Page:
Despite our early start and the ~8000' elevation, there are no trees and we found the July heat sweltering. We passed a few ATV riders on the dusty road and wished for a little shade for the steady climb. Neat rock formations and great views towards the west provided a fine distraction as clouds gradually began to replace blue sky. Upon reaching the Green Mountain trailhead proper, we were happy to see stands of aspen for their shade. Instead, we found that walking in and out of these groves over several ridges brought bugs and humidity but little relief from the heat. The Ruby Crest Trail crosses into the wilderness area just over a mile from the actual trailhead and we soon discovered that the "trail" was more of a "suggestion" through the dense growth on these western slopes. We crossed McCutcheon Creek and passed a junction for a poorly maintained lateral down the canyon of the same name. The air was starting to cool as we continued to climb, and storm clouds were building in the distance out over the Great Basin. Each time we emerged from the trees it was to slopes of brilliant green, covered by a riot of wildflowers. We occasionally came across a large rock cairn, often the only confirmation that we were in fact on an established trail. The sky grew more ominous and the wind picked up with every exposed slope. The wind-driven rain reached us around 2 pm, and we crossed the first two forks of Smith Creek in raingear through a downpour. The "trail" was either overgrown by tall grasses and flowers or aspen-choked as it dropped into one drainage after another. Although the squall lasted only an hour, we became progressively drenched by the wet greenery through the afternoon.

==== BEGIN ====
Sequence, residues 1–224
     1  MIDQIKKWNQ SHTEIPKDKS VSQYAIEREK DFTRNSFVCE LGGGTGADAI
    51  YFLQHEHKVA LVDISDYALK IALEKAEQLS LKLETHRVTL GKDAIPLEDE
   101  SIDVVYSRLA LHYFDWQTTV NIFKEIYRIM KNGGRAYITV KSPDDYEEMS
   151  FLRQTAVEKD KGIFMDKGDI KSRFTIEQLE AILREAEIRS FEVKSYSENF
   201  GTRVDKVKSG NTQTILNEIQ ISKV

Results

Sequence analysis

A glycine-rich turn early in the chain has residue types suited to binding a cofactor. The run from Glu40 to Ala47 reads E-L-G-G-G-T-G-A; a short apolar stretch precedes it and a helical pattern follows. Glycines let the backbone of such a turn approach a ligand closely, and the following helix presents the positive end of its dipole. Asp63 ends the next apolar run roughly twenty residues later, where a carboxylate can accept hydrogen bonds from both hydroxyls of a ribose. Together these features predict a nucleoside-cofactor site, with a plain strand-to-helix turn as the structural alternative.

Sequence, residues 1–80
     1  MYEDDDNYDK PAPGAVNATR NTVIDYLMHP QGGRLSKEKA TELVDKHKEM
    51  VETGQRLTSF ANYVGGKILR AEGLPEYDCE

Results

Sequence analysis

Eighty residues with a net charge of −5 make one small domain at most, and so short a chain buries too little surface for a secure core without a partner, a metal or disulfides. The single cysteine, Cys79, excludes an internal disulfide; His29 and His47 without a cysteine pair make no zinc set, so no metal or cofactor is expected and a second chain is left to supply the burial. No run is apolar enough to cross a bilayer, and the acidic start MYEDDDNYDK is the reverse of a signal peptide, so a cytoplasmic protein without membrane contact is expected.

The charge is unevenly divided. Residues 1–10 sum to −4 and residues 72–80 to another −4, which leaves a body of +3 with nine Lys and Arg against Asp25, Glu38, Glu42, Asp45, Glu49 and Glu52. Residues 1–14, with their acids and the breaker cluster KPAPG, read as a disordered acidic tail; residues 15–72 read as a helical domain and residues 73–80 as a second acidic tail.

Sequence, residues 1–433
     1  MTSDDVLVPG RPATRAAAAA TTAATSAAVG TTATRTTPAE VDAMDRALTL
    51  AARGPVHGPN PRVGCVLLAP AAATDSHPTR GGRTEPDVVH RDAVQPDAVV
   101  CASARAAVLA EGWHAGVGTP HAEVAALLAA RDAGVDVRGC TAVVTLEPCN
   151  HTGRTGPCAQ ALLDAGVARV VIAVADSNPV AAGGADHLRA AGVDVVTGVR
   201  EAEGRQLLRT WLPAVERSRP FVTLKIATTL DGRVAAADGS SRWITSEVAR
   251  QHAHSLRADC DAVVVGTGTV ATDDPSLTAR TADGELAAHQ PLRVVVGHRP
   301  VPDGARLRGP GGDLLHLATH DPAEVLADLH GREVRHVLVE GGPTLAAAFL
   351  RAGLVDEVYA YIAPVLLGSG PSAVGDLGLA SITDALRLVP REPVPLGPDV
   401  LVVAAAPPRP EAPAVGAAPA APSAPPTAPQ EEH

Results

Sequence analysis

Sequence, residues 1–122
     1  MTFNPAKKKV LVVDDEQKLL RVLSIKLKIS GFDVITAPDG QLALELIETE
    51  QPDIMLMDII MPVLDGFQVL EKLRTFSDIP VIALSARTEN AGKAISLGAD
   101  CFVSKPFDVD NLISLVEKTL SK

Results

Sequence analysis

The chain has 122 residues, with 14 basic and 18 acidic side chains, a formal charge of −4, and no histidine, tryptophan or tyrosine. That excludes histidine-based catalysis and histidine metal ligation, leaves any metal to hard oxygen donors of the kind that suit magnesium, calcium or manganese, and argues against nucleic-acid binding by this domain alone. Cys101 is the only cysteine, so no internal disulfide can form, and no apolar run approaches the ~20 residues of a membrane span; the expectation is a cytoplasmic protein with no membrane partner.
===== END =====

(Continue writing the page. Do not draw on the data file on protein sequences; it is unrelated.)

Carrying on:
We earned increasingly alpine views as we followed a long green traverse towards the headwaters of the north fork of Smith Creek. This transition to the high country felt complete when we reached the series of switchbacks that took us above the treeline and towards the pass leading to Overland Lake, our day's destination. The first major snowfield across the trail sat just above 10,000' in elevation and came with a great view of King Peak. From there it was not far to the high point of the pass, and our final descent to the lake. Overland Lake and its smaller unnamed neighbor, nestled in steep crags on the eastern slope of the range, made for stunning views as we picked our way down rocky switchbacks into the chilly alpine evening. We remarked on the contrast from our surroundings just 10 hours earlier, and also that we hadn't seen any other hikers all day.